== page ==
The beginning of the end for campus kangaroo courts

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Good news for college men: You’re welcome again on campus.

On Friday, Education Secretary Betsy DeVos ripped up the Obama administration’s one-sided rules on how colleges and universities handle accusations of sexual assault and misconduct. The rules, imposed in 2011, were so stacked against the accused — usually young men — that dozens of innocent male students were branded as rapists, kicked out of school and robbed of future job opportunities.

Those with sufficient money and fortitude managed to get their names cleared in real courts of law — where rules of evidence, due process and reasonable standards of proof apply. Last month, a California judge threw out a rape case against a 20-year-old University of Southern California student after videotapes showed the sexual encounter with a female student was consensual.

 But he still faces possible expulsion, because USC’s Obama-era policies tilt the scales against him — despite the vivid on-tape evidence of consent. That’s the difference between American justice, where the accused have rights, and Barack Obama’s campus sex courts, where only accusers are believed.

Advocates for the Obama rules defend them as “survivor centered.” Translation: They’re biased against the accused. And bias has no place in a court. The Obama rules have been criticized by the American Bar Association, the American College of Trial Lawyers and Harvard Law School faculty — hardly right-wingers.

DeVos promises new rules in the coming months. Vowing no tolerance for sexual assault, she said “schools must continue to confront those horrific crimes and behaviors head-on.” But, “the process also must be fair and impartial.”

Fair? Don’t hold your breath. Campuses are so dominated by anti-male ideology that it’s unlikely men there will be given a fair shake under any rules.

The parade of lives ruined by campus sex tribunals proves college administrators are eager to deny males the right to have a lawyer, know the charges, gather evidence, cross-examine witnesses or even be presumed innocent until proven guilty. That’s not going to change overnight.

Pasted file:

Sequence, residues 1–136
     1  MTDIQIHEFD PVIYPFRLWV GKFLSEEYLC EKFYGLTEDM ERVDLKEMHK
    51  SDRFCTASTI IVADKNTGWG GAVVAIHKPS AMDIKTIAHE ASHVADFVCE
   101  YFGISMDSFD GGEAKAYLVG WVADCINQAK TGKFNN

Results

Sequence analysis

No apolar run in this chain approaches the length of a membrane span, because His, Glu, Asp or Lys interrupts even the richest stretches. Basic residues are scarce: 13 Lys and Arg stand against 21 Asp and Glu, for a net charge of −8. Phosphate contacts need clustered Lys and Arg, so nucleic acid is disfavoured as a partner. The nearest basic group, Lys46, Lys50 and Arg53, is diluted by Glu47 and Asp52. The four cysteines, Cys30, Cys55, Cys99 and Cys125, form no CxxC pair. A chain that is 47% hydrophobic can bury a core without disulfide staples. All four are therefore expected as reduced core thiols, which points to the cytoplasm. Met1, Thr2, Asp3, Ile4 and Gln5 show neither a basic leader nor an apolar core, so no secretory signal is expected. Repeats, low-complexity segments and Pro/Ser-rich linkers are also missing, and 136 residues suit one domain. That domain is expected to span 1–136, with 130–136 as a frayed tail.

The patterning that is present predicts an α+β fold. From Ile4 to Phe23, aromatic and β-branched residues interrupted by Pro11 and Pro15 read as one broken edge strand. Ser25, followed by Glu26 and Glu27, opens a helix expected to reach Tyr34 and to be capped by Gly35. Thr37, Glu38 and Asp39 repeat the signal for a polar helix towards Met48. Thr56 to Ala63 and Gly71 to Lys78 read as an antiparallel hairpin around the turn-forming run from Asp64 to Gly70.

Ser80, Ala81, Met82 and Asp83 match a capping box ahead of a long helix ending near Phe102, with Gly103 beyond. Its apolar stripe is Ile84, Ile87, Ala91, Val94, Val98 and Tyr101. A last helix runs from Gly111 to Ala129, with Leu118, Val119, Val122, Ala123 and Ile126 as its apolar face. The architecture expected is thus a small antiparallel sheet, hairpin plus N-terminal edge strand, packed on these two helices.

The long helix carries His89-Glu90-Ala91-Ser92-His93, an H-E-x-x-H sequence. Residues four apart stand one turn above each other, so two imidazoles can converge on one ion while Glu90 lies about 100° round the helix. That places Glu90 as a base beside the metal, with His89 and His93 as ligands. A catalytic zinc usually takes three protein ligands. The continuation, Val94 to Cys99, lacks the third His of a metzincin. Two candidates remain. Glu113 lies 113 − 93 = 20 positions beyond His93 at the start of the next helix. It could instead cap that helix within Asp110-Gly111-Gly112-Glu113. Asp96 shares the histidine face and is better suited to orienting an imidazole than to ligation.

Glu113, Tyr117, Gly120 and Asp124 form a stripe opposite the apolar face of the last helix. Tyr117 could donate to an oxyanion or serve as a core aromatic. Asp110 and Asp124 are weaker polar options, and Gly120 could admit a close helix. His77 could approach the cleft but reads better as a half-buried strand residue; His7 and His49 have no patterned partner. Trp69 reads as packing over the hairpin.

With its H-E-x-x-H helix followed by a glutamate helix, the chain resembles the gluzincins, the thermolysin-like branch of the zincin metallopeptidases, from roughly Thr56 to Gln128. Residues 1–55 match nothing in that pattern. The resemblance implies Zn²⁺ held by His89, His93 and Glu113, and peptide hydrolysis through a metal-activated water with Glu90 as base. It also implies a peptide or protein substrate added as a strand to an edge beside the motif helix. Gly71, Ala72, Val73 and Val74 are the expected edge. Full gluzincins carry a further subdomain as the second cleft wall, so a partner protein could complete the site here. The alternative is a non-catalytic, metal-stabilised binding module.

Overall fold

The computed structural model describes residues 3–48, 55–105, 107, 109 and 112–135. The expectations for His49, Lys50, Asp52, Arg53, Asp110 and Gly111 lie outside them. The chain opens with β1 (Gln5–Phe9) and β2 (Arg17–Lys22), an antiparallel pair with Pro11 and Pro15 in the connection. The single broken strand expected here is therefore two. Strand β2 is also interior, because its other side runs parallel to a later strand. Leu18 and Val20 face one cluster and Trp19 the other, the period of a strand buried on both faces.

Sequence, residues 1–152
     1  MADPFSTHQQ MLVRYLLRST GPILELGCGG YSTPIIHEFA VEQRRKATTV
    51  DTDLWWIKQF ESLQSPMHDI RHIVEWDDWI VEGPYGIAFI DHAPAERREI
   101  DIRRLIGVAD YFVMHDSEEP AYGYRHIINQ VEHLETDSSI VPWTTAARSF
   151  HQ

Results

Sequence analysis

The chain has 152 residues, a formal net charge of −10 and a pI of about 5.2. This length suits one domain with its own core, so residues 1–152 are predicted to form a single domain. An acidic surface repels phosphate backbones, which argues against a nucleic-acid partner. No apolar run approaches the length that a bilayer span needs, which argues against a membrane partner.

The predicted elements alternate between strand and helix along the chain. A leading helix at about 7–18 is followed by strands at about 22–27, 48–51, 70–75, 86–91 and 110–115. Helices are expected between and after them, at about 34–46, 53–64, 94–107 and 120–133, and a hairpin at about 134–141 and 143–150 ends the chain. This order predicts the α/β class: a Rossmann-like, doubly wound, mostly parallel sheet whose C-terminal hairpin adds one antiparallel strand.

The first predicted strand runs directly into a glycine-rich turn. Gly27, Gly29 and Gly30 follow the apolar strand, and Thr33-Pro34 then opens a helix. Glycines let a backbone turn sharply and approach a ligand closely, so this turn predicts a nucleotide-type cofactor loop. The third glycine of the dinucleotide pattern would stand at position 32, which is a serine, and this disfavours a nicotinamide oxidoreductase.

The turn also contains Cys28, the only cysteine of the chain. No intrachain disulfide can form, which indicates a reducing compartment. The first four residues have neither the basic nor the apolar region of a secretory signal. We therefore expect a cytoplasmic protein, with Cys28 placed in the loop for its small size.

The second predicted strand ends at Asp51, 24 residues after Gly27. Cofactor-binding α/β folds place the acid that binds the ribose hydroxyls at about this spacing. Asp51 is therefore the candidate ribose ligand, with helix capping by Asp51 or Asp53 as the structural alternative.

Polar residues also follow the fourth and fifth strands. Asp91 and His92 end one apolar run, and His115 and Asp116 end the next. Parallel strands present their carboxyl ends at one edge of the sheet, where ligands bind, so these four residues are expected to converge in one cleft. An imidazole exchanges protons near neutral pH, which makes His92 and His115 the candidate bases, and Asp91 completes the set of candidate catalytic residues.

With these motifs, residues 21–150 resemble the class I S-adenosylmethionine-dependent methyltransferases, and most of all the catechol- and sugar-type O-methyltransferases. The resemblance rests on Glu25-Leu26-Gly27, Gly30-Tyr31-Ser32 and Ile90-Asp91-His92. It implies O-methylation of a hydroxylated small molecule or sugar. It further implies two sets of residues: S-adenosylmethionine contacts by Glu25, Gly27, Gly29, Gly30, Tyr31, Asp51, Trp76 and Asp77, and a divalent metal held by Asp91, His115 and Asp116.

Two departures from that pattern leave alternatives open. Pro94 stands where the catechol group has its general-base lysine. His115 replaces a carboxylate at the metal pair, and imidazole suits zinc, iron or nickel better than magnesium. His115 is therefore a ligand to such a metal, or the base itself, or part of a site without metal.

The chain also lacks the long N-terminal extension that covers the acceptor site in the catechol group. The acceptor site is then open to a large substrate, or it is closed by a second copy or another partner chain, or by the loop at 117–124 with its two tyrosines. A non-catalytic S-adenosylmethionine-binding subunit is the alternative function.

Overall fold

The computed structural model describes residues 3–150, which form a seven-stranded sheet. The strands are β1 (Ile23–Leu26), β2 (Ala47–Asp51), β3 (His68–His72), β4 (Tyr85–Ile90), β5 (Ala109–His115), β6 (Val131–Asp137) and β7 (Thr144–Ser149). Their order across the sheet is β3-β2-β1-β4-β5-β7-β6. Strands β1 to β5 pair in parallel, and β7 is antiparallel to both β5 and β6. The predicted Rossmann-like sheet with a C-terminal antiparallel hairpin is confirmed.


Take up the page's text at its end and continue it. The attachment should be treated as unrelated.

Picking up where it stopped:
Instead of improving “campus justice” — a phrase that’s become an oxymoron — DeVos should require schools to bring in police capable of collecting forensic evidence and dealing with sex charges, and defer to real courts whenever a student is accused of sexual assault or rape.

Colleges need to get out of the business of sex trials. And into the business of opening students’ eyes to the downsides of sexual promiscuity — especially fueled by binge drinking.

Right now, many colleges foster an atmosphere of freewheeling hedonism. At Harvard, that includes running naked laps around the Yard to bring out students’ “animalistic roots.” At nearly all colleges, dorms and bathrooms are coed. Schools like Yale, Amherst and Princeton kick it up a notch, offering coed bedrooms. Colleges are creating conditions that pressure sexually inexperienced students to hook up, often after drinking. That leads to mixed signals, false expectations and regrets. Casual sex can be emotionally bruising.

No wonder some women who engage in consensual sex claim afterward that they hadn’t agreed. Feminists are actually redefining sex-with-regrets as rape — casting young men as rapists.

A video for incoming Brown University students teaches that “consent is knowing that my partner wants me just as much as I want them.” Good luck. Even sexually experienced adults can’t always tell.

Every college requires incoming students to hear lectures on consent — ask before kissing, ask before touching, ask again and again. Few warn about the physical dangers and psychological pressures — despite evidence that students who engage in repeated hook-ups suffer.

Colleges are being hypocritical, fostering a sexual hothouse environment — then pinning the blame on young men when things go wrong. DeVos should put an end to college sex courts and require equal treatment for young men and young women.

Betsy McCaughey is a senior fellow at the London Center for Policy Research.


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